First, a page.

Questioning My Kid

Yesterday my daughter came down with a fever. And I found that I was relieved.

For the last week she has been acting (quite frankly) like a bit of an a**hole. My usually independent and outgoing kiddo had become clingy and super needy. So much so that I have an actual pain in my neck from having to hold and carry her so much. She has gone through phases of violently preferring either my husband or myself to the other and rather rudely displaying her preference to the “unchosen” parent. She has cried, loudly, over seemingly nothing. She has told us “no” soooo many times, run away from us and basically just been a butt.

My husband and I started to question ourselves. Should we begin to make some changes? Should we ignore her outbursts? Give her comfort? Continue to stress that she needs to express herself a bit more maturely (ha!)? We weren’t going crazy (after all, it had only been a week), but we were becoming a little disheartened. We had talks as to whether or not this was just how things would be from here on out. Sigh.

But then I felt her fever and all those questions went away. She had been trying to tell us that she wasn’t feeling well. And we had let that message become conflated with questions essentially about her personality and overall behavior.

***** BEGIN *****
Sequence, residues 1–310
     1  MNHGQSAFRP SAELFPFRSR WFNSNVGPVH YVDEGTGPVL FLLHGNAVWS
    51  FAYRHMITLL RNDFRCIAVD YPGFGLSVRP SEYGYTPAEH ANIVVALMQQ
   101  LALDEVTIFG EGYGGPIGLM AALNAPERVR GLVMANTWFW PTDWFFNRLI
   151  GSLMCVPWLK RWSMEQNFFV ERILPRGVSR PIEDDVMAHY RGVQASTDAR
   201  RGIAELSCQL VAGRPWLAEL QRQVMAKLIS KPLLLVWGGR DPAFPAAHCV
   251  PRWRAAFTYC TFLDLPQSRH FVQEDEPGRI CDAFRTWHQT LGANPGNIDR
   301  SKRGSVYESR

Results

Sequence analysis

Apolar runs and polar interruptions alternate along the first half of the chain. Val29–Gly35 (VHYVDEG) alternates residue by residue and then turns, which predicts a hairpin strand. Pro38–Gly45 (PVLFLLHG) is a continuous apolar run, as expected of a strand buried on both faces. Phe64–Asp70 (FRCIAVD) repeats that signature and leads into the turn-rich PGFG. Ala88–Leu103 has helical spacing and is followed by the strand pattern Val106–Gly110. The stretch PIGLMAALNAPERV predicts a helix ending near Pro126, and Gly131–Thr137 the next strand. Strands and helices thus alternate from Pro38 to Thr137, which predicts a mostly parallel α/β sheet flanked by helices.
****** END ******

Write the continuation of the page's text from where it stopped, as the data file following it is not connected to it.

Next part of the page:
Then I started wondering, what made me so quick to second guess all that I’ve learned about this kid in the nearly 2 years that I’ve known her? If one of my friends had been acting like a butt for a few days, I would not assume that they had simply turned into a butt (and would stay that way for the rest of their lives!). I would assume that they were under some undue stress or were, likewise, not feeling well.  Why is it our default assumption that our kids are really supposed to be assholes? And that up until now, my husband and I had simply lucked out that she hadn’t shown her “true” (poopy brown) colors to us? Seems a bit unfair to my kid, no?

Our collective narrative about kids, especially toddlers, is pretty clear. They are “terrible!” When we are out in public and my child is acting like a ‘regular’ person, people comment on her lack of terribleness. While I usually try not to let these ‘compliments’ go to my head, I now see that everywhere we look, we expect children to be wretched! And that we are surprised when they’re not! Sounds like a recipe for wretchedness if ever I heard one. If we are just waiting for kids to turn into uncontrollable monsters, then that might explain why some of them do. We can finally say, “I knew that this day would come!”

So while there will definitely be short tempers (on both sides) and whines and crying and some butt-like behavior from kids as they grow older, maybe it would behoove us (and especially me!) to hold off deciding that our kids are now terrible. They are still who they were and who we have loved. Maybe we could reframe our narrative just a little so that we don’t simply jump to the conclusion that we now live with an asshole. It just might help everybody act a little less like a butt.

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